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Home Eurosurveillance Monthly Release  2003: Volume 8/ Issue 11 Article 3
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Eurosurveillance, Volume 8, Issue 11, 01 November 2003
Surveillance report
Surveillance of human Campylobacter infections in France - Part 2 - Implementation of national surveillance

Citation style for this article: Gallay A, Simon F, Mégraud F. Surveillance of human Campylobacter infections in France - Part 2 - Implementation of national surveillance. Euro Surveill. 2003;8(11):pii=432. Available online:


A. Gallay1, F. Simon1,2, F. Mégraud3
1 Institut de veille sanitaire, Saint-Maurice, France
2 European Programme for Intervention Epidemiology Training (EPIET), Invs, St-Maurice, France
3 Centre National de Référence des Campylobacters et Hélicobacters, Laboratoire de Bactériologie, Hôpital Pellegrin, Bordeaux, France


In 2001, one year after the study of microbiological laboratories that showed the feasibility of a surveillance of Campylobacter infections, 1389 private laboratories were asked whether they would be willing to participate. The high proportion of positive responses (48%, 661) allowed the implementation on 1 April 2002 of surveillance of human Campylobacter infections.

A study, carried out in conjunction with French laboratories in 2001, showed the feasibility of implementing surveillance for human Campylobacter infections in urban areas in terms of laboratory diagnosis practices. The selection of the surveillance system was awarded to the network of private laboratories (Laboratoires d'Analyses de Biologie médicale (LABM)) that had already been participating in the surveillance system for salmonellae on a voluntary basis for many years. Salmonellae are as problematic as campylobacters in terms of foodborne transmission, with pathologies such as acute gastroenteritis. These laboratories are sensitive to surveillance purposes and have a good knowledge of the principles and channels of surveillance networks. Moreover, the 1389 laboratories of the surveillance network for salmonellae are distributed throughout France, and represent around 30% of all 4000 private laboratories. Prior to implementing surveillance of Campylobacter infections, the 1389 private laboratories involved in the surveillance network for salmonellae were asked about their willingness to participate in the surveillance of Campylobacter infections in November 2001, using a standardised questionnaire.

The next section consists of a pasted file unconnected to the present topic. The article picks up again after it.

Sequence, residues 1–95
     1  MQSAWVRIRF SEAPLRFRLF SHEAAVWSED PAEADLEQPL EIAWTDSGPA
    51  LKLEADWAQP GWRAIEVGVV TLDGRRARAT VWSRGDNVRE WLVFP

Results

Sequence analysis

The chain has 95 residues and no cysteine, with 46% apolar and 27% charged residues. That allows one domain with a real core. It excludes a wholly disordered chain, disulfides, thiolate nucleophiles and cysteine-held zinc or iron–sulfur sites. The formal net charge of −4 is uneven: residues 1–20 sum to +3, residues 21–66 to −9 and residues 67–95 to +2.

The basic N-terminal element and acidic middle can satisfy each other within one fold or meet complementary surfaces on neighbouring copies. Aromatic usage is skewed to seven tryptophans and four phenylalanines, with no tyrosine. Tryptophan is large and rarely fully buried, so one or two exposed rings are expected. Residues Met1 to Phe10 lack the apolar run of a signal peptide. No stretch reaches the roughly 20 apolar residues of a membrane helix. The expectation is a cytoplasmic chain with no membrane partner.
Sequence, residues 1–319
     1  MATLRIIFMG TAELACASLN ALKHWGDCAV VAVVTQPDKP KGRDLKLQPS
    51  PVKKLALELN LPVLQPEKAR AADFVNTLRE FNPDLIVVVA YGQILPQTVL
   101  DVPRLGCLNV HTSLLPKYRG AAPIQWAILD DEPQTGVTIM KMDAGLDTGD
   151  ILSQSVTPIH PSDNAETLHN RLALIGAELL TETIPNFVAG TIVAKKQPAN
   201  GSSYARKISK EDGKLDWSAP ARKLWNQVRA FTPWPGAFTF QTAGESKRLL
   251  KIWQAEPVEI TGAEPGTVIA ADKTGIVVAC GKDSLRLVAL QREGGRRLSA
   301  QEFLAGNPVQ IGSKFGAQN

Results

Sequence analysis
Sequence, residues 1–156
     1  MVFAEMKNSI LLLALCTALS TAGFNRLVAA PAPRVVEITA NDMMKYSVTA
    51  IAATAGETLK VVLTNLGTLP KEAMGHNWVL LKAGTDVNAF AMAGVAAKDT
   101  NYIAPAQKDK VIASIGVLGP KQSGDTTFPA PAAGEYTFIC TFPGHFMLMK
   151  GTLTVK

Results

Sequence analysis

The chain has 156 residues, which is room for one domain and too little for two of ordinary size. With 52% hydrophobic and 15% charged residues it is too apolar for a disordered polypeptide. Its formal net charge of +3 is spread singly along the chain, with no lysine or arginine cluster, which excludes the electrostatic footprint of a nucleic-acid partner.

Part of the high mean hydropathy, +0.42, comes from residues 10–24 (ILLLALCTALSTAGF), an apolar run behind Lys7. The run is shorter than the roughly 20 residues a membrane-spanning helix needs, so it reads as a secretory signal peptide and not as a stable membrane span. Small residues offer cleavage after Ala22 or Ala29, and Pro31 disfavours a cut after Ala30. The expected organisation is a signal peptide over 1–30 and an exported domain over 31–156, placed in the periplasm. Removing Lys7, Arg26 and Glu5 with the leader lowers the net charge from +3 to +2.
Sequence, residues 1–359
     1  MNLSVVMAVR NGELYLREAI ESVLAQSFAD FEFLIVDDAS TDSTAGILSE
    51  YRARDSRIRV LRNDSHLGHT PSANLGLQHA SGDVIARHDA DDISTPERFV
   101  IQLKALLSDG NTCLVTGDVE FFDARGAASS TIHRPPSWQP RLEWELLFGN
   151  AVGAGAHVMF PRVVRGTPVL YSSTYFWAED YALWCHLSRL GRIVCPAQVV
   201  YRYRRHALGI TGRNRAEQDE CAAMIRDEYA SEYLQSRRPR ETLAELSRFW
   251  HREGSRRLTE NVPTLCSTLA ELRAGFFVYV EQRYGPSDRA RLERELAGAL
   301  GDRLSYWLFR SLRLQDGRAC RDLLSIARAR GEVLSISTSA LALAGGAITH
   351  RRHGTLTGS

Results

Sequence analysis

Of the 1389 private laboratories surveyed, around 600 agreed to take part in the surveillance of Campylobacter infections. Based on the per laboratory annual average of 129 samples cultured for Campylobacter, with a mean rate of 4.7% positive results, 3600 Campylobacter isolates can be expected nationally each year. This number is considered sufficient enough to begin surveillance and respond to public health objectives. Surveillance of Campylobacter infections (figure) based on voluntarily sending isolated strains with a completed information sheet to the national reference centre for Campylobacters and Helicobacters (Centre National de Référence des Campylobacters et Hélicobacters (CNRCH) began on 1 April 2002.

The authors wish to thank the private laboratories and the national reference centre for salmonellae and shigellae that participated in this study.



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